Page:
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Can I ask the court to change my child support amount?

Posted on in Divorce

Paying child support is a necessary annoyance. While you may understand the logic of providing funds for your child's needs and wants, child support is an expense that does not fluctuate, no matter your financial circumstances. In fact, if you are experiencing a serious setback, you may find the monthly support payments to be a heavy burden or even a hardship.

With your other financial obligations, you certainly have alternatives to explore when times get tough. Child support, on the other hand, is a constant, and Texas family courts do not appreciate excuses when you do not pay. However, if you are going through a difficult time, you may find relief in a modification of your support payments.

Why might a modification be appropriate?

Returning to court to seek a modification of your child support may seem intimidating, but it is a critical step to take if you are unable to meet your obligation because of any of the following or other circumstances:

  • You lost your job or experienced a decrease in your normal income.
  • You are dealing with unexpected medical costs or other major expenses.
  • Your child's needs are costing more, such as orthodontia or extra-curricular activities.
  • You have married or had additional children whom you must also support.

You may also seek a modification to your support order if your former partner has had a financial advantage, such as a job promotion or inheritance, that may reduce the amount of money he or she requires to maintain the home for the child.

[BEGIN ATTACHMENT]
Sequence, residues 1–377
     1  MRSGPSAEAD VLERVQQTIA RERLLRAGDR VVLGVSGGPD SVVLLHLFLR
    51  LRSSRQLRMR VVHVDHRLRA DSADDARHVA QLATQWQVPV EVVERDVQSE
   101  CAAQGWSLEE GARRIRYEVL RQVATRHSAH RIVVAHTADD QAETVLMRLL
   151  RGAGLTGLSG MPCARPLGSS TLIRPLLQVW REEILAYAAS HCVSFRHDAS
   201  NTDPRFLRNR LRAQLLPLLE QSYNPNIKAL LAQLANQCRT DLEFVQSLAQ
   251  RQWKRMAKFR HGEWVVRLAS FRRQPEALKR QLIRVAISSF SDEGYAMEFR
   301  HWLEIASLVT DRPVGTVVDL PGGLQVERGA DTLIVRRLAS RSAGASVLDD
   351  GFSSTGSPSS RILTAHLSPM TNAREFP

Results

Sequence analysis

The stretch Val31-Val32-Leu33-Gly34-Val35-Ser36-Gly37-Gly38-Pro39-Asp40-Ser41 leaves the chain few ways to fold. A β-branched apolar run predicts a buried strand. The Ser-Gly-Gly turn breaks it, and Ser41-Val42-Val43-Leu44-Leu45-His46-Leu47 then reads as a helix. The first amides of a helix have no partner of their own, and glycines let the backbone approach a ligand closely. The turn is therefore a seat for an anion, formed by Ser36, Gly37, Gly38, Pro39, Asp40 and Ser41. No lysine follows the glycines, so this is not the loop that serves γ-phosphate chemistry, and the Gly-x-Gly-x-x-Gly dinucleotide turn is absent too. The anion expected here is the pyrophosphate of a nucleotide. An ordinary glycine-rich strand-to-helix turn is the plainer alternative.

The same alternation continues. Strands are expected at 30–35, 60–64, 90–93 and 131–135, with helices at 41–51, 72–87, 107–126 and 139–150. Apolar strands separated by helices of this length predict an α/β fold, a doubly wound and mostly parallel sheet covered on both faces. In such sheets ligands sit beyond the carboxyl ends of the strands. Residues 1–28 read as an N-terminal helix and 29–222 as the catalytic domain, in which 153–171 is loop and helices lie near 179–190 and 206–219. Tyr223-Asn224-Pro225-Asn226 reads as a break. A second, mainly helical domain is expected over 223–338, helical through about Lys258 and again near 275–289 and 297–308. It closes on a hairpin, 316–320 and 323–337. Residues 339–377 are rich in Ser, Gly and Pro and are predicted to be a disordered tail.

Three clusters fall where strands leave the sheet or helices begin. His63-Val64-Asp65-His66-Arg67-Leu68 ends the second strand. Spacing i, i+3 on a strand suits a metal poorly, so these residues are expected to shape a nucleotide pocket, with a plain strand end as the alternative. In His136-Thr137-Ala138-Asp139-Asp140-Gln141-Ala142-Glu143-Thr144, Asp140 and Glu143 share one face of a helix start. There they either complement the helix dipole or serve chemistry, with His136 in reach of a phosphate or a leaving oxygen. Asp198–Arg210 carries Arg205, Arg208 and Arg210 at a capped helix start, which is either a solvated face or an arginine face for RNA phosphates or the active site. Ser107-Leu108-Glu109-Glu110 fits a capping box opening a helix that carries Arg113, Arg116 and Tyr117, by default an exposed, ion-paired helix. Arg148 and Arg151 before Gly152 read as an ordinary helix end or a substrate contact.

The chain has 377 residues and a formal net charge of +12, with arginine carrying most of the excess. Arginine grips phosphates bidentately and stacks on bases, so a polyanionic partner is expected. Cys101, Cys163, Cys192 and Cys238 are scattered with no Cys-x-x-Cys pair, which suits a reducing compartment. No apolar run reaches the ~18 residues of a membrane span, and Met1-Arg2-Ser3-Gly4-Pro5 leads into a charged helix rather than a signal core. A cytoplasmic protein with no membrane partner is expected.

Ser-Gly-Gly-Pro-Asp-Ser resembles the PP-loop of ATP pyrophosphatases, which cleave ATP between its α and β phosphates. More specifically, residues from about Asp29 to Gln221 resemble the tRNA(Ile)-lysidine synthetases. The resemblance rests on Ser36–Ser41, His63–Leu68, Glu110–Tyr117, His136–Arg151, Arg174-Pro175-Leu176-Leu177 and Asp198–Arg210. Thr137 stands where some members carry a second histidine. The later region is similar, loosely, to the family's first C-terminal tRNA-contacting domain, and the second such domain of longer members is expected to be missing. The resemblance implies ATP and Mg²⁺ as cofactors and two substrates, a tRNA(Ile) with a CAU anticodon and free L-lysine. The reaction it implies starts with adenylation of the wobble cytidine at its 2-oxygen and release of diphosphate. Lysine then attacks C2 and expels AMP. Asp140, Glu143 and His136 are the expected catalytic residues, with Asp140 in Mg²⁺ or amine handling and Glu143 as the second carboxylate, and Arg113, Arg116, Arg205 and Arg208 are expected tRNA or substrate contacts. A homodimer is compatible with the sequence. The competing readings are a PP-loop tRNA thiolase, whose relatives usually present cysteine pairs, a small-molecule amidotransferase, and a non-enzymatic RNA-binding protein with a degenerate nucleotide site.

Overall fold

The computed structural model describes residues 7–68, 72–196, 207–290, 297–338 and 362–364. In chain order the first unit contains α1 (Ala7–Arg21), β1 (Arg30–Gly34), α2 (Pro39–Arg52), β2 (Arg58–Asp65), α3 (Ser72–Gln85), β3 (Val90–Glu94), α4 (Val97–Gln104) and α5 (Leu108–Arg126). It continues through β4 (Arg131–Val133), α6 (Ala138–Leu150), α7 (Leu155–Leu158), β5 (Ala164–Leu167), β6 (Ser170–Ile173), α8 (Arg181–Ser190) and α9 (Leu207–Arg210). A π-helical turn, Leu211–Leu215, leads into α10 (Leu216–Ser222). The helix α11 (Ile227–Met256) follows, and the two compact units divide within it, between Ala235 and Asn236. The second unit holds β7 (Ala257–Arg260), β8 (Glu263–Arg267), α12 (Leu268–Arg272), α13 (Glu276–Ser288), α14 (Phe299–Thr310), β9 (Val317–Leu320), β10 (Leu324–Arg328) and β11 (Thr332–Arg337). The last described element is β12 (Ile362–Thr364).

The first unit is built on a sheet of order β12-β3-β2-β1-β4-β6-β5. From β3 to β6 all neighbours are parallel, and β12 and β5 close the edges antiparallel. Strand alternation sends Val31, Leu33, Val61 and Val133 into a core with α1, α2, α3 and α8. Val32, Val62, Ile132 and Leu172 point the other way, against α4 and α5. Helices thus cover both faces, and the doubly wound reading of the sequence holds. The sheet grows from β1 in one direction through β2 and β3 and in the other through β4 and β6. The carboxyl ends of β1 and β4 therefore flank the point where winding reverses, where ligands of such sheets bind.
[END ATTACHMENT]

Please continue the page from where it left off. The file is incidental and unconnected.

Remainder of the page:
What steps should you take?

If you want to request a change in your child support payments, you must present your reasons to the court. This includes providing evidence of your changes in circumstances and proof that you continue to make an effort to keep up with your obligations. The worst thing you can do is to stop paying your child support and hope things get better. Failing to make your court-ordered payments can result in serious legal trouble for you.

Instead, you should contact the other parent to see if he or she will agree to a modification to your payment amounts. Even if your co-parent agrees to accepting less money temporarily, or even agreeing to a permanent change in your support amount, it is still wise to see an official modification through the courts. This will provide you with the protection of the law that a verbal agreement will not offer you.

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